There is No “I” in Team


Growing up on the farm, I always knew I was different. I drew pictures in class of cows having babies, wrote stories about helping my dad haul manure, and explained in detail to the other kids about where that lunchroom cheeseburger came from. Oh my poor elementary school teachers trying to understand what type of child my parents were raising. Yet that’s just it, growing up in agriculture or more simply on a farm, we are different. Not in how we look, how we dress (unless it is our dirty work clothes), or how we act, but it runs much deeper in the lifestyle we live.


It was always hard to explain to my high school best friends that no I could not come over at 7 pm to eat supper and hang out. I tried every excuse in the book at first, but then, I started to realize that I was proud of what I was doing. 7 in the evening was when I started rinsing heifers. They could not be turned out until at least 9 pm when the sun went down. Yes I could make the late night bonfires but I was always the first to go home, because there was a to-do list with my name at the top for tomorrow. From hauling hay, to mowing the grass, to running seed around to help dad in the fields, there was never a shortage of work. Being 21 now, I enjoy social events just as much as any other student, but there is not a free weekend I have spent at school because there are too many jobs at home that need to get done and it is not only a family affair, but a team effort.


Collegiate Livestock Judging, attending national livestock shows, and merely attending three full years of college in the agriculture divisions at both Lake Land Junior College and Western Illinois University, have shown me how close the agriculture community is. I became very good friends with a girl at LLC whose dad happened to go there some 30 years previous with my dad. One of my dad’s former teachers was a substitute professor and allowed me the opportunity to work on his cattle. Most recently, we had a guest speaker in my agronomy class who is a professor at Mississippi State. He and Dr. Bernards, my professor, knew each other when they both were getting their masters, one at Purdue and one at Michigan State. Now basic geography tells us, these schools are not close together, but conferences brought them both together as they had similar interests, and to this day they bounce ideas and information off of one another.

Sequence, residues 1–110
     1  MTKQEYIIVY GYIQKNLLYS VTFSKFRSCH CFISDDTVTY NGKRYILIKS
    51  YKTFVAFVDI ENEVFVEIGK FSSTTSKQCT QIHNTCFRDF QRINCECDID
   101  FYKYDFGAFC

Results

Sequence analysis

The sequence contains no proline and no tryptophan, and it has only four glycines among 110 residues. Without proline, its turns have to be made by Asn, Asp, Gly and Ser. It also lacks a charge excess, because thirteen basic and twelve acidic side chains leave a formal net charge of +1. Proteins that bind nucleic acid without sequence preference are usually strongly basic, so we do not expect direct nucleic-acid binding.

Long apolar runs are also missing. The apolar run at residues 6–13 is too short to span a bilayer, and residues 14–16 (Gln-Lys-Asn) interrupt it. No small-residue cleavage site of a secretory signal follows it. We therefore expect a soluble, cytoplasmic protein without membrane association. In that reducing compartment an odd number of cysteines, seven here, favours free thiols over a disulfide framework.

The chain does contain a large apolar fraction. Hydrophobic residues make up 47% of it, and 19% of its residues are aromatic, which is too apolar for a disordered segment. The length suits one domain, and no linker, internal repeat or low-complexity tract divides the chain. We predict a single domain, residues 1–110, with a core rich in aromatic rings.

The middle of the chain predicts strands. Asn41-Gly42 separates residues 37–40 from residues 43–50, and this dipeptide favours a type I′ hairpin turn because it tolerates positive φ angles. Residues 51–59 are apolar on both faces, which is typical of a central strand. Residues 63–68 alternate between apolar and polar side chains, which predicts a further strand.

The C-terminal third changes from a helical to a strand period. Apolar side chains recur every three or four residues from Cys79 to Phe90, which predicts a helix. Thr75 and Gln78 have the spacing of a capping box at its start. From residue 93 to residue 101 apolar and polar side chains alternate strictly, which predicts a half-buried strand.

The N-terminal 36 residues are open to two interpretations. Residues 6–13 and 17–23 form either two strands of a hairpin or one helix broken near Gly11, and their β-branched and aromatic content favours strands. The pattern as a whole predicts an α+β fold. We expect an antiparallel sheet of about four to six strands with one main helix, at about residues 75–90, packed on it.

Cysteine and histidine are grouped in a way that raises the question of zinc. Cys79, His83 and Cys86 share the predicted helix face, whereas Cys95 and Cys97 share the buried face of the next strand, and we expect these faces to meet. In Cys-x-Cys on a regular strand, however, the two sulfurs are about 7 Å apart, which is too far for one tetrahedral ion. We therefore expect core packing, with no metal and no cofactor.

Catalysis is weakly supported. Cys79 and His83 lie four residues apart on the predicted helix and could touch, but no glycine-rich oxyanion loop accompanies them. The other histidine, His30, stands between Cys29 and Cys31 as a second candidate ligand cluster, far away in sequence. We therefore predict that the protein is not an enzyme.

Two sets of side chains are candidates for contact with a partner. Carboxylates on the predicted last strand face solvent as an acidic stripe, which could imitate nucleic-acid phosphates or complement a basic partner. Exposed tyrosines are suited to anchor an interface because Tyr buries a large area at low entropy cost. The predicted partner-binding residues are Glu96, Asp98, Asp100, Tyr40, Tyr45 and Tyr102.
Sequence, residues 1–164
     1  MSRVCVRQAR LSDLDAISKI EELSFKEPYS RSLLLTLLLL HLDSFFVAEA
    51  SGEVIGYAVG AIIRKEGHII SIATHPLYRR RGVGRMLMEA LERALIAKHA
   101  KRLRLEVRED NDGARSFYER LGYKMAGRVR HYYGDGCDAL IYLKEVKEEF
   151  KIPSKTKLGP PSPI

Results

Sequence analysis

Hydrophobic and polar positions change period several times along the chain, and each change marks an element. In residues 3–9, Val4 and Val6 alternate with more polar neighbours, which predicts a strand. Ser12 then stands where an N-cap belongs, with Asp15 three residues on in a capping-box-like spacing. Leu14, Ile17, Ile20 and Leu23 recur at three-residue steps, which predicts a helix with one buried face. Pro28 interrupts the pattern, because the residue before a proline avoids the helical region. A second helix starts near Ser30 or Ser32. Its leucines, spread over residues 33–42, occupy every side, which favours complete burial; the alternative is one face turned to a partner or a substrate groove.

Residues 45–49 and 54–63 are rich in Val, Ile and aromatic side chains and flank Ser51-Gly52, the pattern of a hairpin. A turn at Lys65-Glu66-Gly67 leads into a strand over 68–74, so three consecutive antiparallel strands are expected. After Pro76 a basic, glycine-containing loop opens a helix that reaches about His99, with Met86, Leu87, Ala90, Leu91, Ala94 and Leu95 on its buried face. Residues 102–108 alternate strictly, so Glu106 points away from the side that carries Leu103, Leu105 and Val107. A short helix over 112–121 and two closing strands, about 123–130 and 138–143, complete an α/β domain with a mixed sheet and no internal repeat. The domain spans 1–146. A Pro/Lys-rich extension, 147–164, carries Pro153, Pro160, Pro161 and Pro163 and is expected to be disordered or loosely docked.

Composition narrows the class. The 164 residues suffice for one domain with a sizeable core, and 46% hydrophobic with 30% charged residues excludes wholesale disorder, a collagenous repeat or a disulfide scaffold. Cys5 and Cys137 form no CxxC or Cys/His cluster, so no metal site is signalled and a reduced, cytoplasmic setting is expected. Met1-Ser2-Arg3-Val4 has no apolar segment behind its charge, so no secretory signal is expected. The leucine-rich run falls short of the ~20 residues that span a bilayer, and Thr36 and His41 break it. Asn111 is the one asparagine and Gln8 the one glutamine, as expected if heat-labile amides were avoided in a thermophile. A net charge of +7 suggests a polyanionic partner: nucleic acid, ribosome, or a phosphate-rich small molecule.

Many professions claim to be very close through constantly seeing similar patients, meetings or seminars that they see each other once a month at, or maybe they talk every day at the office. Agriculture though runs much deeper than just a conversation. The passion it takes to put everything you have on the line on a daily basis is something anyone outside the industry may never understand. It takes long days, sleepless nights, and constantly praying mother nature and the markets go in your favor to be able to have the funding needed to buy the newer piece of equipment, that next semi load of livestock, or another 100 acres of land to help next year be even more prosperous.

The industry is not just those farmers and ranchers out in the fields. It includes the insurance agent that helps fund the purchase of a year’s worth of seed. The trucker who hauls milk to and from the farms to be processed. All the way to the grain elevator in charge of storing and purchasing the end products. There is trust and honesty needed in these relationships to keep an oiled running machine that is constantly running.

We in agriculture need to remember to all stand together. As an industry we have been more and more in the spotlight and not for the positive reasons we should be. Many are criticizing the way things are done because they believe false videos, incomplete information, and the newest trends that make people become highly opposed to what agriculture is doing in the ways of trying to feed, clothe, and allow variety to a constantly growing world. Standing together as agriculture enthusiasts to highlight the truth on one of the closest and most important industries that exists, (we do feed people more than three times per day), is a necessity to speak out on our behalf.

The recent wildfires that destroyed thousands of acres, homes, and took the lives of many livestock and humans, have brought out the best in ag. From sending fencing supplies, precious hay bales, or sending man power to help get the challenging jobs done, we will always rise above. It is a team effort to pull through and move ahead even through hard times. In agriculture, you are never truly alone because your neighbors are always there and ready to help. There is never a day to rest, feel sorry for ourselves, or try to solve the world’s problems, but there is always time to be thankful, feel blessed, and appreciate the many opportunities, close relationships, and people agriculture brings together.

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My name is Olivia Claire and I am currently a junior at Western Illinois University. I have a passion for showing cattle, livestock judging, and anything to do with working outside. This farm girl just so happens to also be a fair queen promoting agriculture! I attended Lake Land College where I received my Associates in Science. I now am working towards a Bachelors in Agriculture Science with a minor in Agronomy, Agriculture Business, and Animal Science. It is truly an honor and great experience being part of Leatherneck Nation!



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